In the report, ICAEW predicts that economic growth across Southeast Asia (SEA) is expected to slow down in 2019 to 5 percent, after an estimated 5.3 percent in 2018. It attributed the slowdown to US-China tensions.
“The resulting slowdown in Chinese demand will weigh significantly on SEA growth, especially for export-dependent economies with a high level of exports to China, like Singapore and Malaysia,” the report said.
Economic growth continued to moderate across most SEA economies in the third quarter of 2018, with the average GDP growth slowing to 4.8 percent year-on-year, from 5.2 percent in second quarter of 2018, it said.
Vietnam was the exception, with GDP growth accelerating 6.9 percent on the year, up from 6.7 percent in the second quarter as FDI inflows continued to support growth in manufacturing activity and exports.
“GDP growth across the region is set to slow next year, as many of the region’s economies are small, open and heavily dependent on exports to China, due to both supply-chain linkages as well as tightening Chinese domestic demand,” the report said.
Domestic demand would likely provide some relief amid a more difficult outlook for exports. In addition, expansionary fiscal policy would also help, with fiscal spending expected to be strong in Indonesia, Thailand and the Philippines ahead of upcoming elections in the first half of 2019.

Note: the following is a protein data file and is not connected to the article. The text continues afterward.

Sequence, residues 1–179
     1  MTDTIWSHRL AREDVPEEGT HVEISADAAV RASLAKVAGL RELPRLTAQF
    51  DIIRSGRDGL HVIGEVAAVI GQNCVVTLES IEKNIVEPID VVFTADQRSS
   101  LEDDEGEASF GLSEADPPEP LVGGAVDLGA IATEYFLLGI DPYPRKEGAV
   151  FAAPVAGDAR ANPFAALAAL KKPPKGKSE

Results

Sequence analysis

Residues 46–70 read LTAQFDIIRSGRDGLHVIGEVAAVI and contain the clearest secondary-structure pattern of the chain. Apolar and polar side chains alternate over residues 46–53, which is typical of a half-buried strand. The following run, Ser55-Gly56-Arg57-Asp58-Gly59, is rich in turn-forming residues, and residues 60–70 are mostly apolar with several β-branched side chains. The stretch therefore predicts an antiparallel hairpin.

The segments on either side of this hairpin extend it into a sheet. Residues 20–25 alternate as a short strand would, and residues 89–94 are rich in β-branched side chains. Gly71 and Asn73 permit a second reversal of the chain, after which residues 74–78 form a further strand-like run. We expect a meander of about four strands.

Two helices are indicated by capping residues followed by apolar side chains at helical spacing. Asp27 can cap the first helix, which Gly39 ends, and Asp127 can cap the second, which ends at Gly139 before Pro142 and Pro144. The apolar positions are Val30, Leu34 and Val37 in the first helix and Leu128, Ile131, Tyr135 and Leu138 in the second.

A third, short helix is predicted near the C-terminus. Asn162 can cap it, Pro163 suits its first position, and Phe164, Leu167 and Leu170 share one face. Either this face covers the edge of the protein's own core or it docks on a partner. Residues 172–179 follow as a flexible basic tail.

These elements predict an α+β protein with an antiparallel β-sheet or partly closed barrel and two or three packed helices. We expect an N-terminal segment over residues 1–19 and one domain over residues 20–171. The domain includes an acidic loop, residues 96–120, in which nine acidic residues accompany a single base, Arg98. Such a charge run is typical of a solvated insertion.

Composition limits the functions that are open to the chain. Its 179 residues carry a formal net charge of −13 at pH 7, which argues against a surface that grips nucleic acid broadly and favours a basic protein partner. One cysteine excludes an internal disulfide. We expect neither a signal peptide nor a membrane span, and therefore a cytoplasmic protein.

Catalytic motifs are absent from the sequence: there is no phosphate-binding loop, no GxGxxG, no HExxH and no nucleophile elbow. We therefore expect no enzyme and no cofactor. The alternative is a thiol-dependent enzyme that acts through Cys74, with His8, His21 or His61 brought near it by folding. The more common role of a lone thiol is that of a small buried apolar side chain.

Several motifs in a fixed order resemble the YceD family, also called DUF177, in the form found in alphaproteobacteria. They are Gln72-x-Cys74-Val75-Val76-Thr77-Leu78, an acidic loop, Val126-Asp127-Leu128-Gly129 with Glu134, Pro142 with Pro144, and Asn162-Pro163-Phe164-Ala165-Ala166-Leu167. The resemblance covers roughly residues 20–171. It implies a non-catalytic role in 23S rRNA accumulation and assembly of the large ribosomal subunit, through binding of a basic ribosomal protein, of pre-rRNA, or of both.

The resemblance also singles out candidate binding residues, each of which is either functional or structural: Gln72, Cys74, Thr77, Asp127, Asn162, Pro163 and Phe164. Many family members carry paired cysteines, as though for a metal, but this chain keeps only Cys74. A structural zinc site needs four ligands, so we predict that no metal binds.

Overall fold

Many governments in the region, including Indonesia and Malaysia, are expected to miss their ambitious fiscal consolidation targets for 2019.
In Vietnam, while the Government’s fiscal position has improved, there is limited space for any expansionary fiscal policy next year, the report said.
However, Mark Billington, ICAEW Regional Director for South East Asia, said that although domestic demand had held up well this year, it was unlikely to reach the stellar pace achieved in 2018, partly due to lower monetary policy support.
“Combined with a moderation in export growth, we expect GDP growth across all of the SEA economies to ease next year, as a result of the ongoing US-China trade conflict and tighter global monetary conditions,” he said